Search results below include Worst Pills, Best Pills Newsletter Articles where your
selected drug is a secondary subject of discussion.
Find out why we recommend that you do not use the recently approved high blood pressure drug azilsartan.
This article lists 355 drugs with names that are often confused with similar-sounding drug names. Find out what you can do to prevent getting the wrong drug.
The article lists 57 different drugs that can cause dementia if used. This can be even more problematic if more than one of these drugs is being taken. These drugs are only one class of drugs that can cause mental deterioration and next month's issue will discuss additional drugs that can also impair thinking.
Twenty different NSAIDS (nonsteroidal antiinflammatory drugs) are listed in this article that can adversely affect your blood pressure control. The article discusses the way in which this happens and what you can do about it.
One of the most common drug interactions occurs when patients take two or more drugs that can each increase blood potassium levels. The resulting condition, hyperkalemia (increased blood potassium levels), can cause nausea, fatigue, muscle weakness or tingling sensations, as well as heart abnormalities, showing up as an abnormal electrocardiogram. In some cases it can be fatal. The article lists 50 drugs which, especially when used in combination, can cause hyperkalemia.
This statement appears in the professional product labeling, or package insert, for eplerenone: “The principal risk of INSPRA is hyperkalemia. Hyperkalemia can cause serious, sometimes fatal, arrhythmias (heart rhythm disturbances).”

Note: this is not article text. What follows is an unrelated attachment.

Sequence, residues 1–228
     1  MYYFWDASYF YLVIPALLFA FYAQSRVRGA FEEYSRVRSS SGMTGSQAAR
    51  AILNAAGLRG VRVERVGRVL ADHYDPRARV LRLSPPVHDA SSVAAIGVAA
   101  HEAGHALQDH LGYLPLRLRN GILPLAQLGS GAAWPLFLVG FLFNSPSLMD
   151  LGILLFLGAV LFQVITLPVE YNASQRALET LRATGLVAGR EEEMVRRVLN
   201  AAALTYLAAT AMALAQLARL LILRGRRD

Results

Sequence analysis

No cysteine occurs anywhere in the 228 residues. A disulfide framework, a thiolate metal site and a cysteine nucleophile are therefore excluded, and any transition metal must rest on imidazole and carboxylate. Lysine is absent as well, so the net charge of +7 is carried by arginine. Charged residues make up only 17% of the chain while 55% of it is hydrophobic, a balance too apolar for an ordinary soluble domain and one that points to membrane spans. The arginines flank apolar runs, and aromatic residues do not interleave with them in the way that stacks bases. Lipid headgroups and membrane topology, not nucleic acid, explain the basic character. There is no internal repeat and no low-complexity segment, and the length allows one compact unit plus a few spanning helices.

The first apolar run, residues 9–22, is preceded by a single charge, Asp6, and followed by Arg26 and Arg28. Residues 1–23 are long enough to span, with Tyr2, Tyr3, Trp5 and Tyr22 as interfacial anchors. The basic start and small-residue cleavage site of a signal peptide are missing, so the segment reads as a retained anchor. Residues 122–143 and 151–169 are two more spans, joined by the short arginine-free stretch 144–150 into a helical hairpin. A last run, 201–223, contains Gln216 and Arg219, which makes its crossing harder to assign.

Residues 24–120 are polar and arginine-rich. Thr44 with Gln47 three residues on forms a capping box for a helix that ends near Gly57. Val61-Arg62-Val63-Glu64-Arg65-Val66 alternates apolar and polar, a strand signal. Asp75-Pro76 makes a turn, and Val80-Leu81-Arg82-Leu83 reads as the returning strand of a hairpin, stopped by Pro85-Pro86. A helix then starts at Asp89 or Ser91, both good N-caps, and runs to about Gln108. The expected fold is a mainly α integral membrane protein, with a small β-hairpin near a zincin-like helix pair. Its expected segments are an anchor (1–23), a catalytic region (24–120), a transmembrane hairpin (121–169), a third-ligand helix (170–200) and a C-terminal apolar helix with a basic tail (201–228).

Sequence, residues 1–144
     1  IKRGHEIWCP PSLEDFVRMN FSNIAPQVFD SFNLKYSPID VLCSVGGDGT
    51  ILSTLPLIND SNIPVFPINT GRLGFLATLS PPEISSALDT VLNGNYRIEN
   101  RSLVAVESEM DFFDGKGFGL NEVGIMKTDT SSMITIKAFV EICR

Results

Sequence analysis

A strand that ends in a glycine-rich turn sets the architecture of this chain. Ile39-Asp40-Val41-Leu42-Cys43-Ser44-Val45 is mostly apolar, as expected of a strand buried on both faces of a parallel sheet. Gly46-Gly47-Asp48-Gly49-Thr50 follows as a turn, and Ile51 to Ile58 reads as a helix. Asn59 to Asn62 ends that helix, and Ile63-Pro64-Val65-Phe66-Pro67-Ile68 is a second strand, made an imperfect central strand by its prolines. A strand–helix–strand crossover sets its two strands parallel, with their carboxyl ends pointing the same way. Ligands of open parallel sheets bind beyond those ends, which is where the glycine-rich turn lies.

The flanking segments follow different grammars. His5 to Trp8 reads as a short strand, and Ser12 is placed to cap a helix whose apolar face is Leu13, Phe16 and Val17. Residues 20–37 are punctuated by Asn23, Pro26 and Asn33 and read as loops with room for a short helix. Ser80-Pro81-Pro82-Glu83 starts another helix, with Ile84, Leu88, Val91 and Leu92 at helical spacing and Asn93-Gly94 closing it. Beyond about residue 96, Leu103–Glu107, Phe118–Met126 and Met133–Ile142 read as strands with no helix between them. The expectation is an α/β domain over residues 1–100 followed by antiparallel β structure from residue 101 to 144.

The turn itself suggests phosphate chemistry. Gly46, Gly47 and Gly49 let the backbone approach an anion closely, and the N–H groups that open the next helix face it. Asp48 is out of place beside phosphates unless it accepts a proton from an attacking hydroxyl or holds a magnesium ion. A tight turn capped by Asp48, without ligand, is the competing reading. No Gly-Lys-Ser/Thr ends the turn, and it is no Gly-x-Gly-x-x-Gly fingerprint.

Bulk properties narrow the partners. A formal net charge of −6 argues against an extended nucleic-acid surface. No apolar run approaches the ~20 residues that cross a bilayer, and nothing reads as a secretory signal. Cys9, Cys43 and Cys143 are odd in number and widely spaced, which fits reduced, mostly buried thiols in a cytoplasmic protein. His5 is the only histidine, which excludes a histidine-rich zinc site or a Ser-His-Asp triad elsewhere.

The results of a very large clinical trial designed to give a definitive answer to the decades-old question of which of four commonly used families of high blood pressure medications should be prescribed first was published in the December 18, 2002 issue of the Journal of the American Medical Association. The answer is that the oldest drugs — known as the thiazide diuretics, or water pills — are superior in preventing one or more major forms of cardiovascular disease to the other families of drugs.
DO NOT STOP TAKING ANY HIGH BLOOD PRESSURE MEDICATION WITHOUT FIRST CONSULTING YOUR PHYSICIAN.
There is an additional similarity (aside from our listing both as DO NOT USE drugs) between valdecoxib and celecoxib, both are sulfa drugs and individuals who are allergic to sulfa drugs should not use them. Although celecoxib came on the market with a warning about sulfa drug allergy, valdecoxib did not. We previously wrote “It may be a dangerous oversight on the part of the FDA not to have required the same warning for valdecoxib.” Unfortunately, because uninformed patients have been needlessly harmed, our prediction has come to pass.